[PlanetKR] Bridging 2018: Deadline Extension

Claudia Schon schon at uni-koblenz.de
Fri Apr 27 17:07:23 EST 2018

*** EXTENDED DEADLINE *** Full paper deadline: 2nd of May, 2018


[Apologies if you receive multiple copies of this announcement] [Please kindly help forward it to potentially interested attendees]

Fourth Workshop on

Bridging the Gap between Human and Automated Reasoning

a FAIM workshop (supported by IFIP TC12) Stockholm, Sweden

Reasoning is a core ability in human cognition. Its power lies in the ability to theorize about the environment, to make implicit knowledge explicit, to generalize given knowledge and to gain new insights. There are a lot of findings in cognitive science research which are based on experimental data about reasoning tasks, among others models for the Wason selection task or the suppression task discussed by Byrne and others. This research is supported also by brain researchers, who aim at localizing reasoning processes within the brain.
Early work often used propositional logic as a normative framework. Any deviation from it has been considered an error. Central results like findings from the Wason selection task or the suppression task inspired a shift from propositional logic and the assumption of monotonicity in human reasoning towards other reasoning approaches. This includes but is not limited to models using probabilistic approaches, mental models, or non-monotonic logics. Considering cognitive theories for syllogistic reasoning show that none of the existing theories is close to the existing data. But some formally inspired cognitive complexity measures can predict human reasoning difficulty for instance in spatial relational reasoning.
Automated deduction, on the other hand, is mainly focusing on the automated proof search in logical calculi. And indeed there is tremendous success during the last decades. Recently a coupling of the areas of cognitive science and automated reasoning is addressed in several approaches. For example there is increasing interest in modeling human reasoning within automated reasoning systems including modeling with answer set programming, deontic logic or abductive logic programming. There are also various approaches within AI research for common sense reasoning and in the meantime there even exist benchmarks for commonsense reasoning, like the Winograd and the COPA challenge.
Despite a common research interest - reasoning - there are still several milestones necessary to foster a better interdisciplinary research. First, to develop a better understanding of methods, techniques, and approaches applied in both research fields. Second, to have a synopsis of the relevant state-of-the-art in both research directions. Third, to combine methods and techniques from both fields and find synergies. E.g., techniques and methods from computational logic have never been directly applied to model adequately human reasoning. They have always been adapted and changed. Fourth, we need more and better experimental data that can be used as a benchmark system. Fifth, cognitive theories can benefit from a computational modeling. Hence, both fields - human and automated reasoning - can both contribute to these milestones and are in fact a conditio sine qua non. Achievements in both fields can inform the others. Deviations between fields can inspire to seek a new and profound understanding of the nature of reasoning.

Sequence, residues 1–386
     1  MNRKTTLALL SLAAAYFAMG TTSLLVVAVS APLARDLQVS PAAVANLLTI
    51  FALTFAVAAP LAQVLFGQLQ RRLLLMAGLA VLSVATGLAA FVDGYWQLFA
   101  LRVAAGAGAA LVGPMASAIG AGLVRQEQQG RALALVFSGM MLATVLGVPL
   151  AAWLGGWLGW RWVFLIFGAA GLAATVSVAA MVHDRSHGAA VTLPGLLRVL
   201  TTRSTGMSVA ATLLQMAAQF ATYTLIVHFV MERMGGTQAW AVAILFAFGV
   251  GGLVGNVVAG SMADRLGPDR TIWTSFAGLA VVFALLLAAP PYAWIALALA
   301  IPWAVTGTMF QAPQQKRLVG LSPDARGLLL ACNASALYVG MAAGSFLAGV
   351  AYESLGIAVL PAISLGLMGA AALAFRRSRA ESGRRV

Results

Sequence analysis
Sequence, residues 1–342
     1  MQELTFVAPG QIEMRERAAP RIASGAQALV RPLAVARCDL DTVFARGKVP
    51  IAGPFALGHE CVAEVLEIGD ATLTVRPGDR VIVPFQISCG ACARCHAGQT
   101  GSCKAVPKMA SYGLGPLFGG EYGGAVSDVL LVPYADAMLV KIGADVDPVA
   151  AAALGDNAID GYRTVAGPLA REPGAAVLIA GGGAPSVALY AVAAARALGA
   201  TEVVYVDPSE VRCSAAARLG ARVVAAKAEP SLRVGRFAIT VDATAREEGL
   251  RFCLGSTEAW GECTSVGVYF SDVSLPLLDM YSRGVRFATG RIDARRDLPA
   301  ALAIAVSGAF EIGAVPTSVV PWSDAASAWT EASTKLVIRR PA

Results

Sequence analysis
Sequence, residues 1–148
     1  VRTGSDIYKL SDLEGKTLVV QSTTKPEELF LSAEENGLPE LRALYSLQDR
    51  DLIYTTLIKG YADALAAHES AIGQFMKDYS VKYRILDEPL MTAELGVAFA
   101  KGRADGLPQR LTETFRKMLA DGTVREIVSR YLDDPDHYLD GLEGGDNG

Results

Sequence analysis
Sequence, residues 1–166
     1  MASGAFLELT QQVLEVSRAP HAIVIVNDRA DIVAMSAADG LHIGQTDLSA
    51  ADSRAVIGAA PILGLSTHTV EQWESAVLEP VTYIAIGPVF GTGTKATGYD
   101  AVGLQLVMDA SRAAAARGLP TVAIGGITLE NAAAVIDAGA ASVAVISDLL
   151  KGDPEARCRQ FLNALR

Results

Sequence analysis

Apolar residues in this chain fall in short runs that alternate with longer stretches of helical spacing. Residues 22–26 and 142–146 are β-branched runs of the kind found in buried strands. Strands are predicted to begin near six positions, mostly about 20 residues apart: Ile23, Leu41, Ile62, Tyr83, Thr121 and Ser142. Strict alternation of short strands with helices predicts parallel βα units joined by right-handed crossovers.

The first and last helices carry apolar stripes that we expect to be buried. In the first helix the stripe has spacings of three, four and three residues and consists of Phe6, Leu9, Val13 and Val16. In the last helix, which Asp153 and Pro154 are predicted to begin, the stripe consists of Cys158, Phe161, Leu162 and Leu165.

This is the fourth workshop in a series of successful Bridging the Gap Between Human and Automated Reasoning workshops.

Topics of interest include, but are not limited to the following:
- benchmark problems relevant in both fields
- approaches to tackle Benchmark problems like the Winograd Schema Challenge or the COPA challenge
- limits and differences between automated and human reasoning
- psychology of deduction and common sense reasoning
- logics modeling human reasoning
- non-monotonic, defeasible, and classical reasoning

The workshop is part of the FAIM workshop program located at the Federated Artificial Intelligence Meeting (FAIM) which includes the major conferences IJCAI, ECAI, ICML, AAMAS, ICCBR and SoCS. The Bridging workshop is supported by IFIP TC12.

Full Paper submission deadline: 2nd of May, 2018
Notification: 28th of May, 2018 
Final submission: 17th of June, 2018 
Workshop: 14th or 15th of July 2018

Papers, including the description of work in progress are welcome and should be formatted according to IJCAI guidelines. The length should not exceed 6 pages excluding references. All papers must be submitted in PDF. Formatting instructions and the style files can be obtained http://www.ijcai.org/authors_kit. The EasyChair submission site is available at: https://easychair.org/conferences/?conf=bridging2018

Proceedings of the workshop will be published as CEUR workshop proceedings.

Ulrich Furbach, University of Koblenz
Sageet Khemlani, Naval Research Laboratory, Washington DC
Oliver Obst, Western Sydney University
Marco Ragni, University of Freiburg
Claudia Schon, University of Koblenz

- Emmanuelle Diez Saldanha, University of Dresden
- Ulrich Furbach, University of Koblenz
- Steffen Hoelldobler, University of Dresden
- Antonis C. Kakas, University Cyprus, Cyprus
- Gabriele Kern-Isberner, TU Dortmund 
- Sangeet Khemlani, Naval Research Lab, USA 
- Robert A. Kowalski, Imperial College London, GB
- Ursula Martin, University of Oxford
- Oliver Obst, Western Sydney University
- Luis Moniz Pereira, Universidade Nova Lisboa, Portugal
- Marco Ragni, University of Freiburg
- Claudia Schon, University of Koblenz
- Frieder Stolzenburg, Harz University of Applied Sciences
- to be completed

Contact: Claudia Schon, schon at uni-koblenz.de

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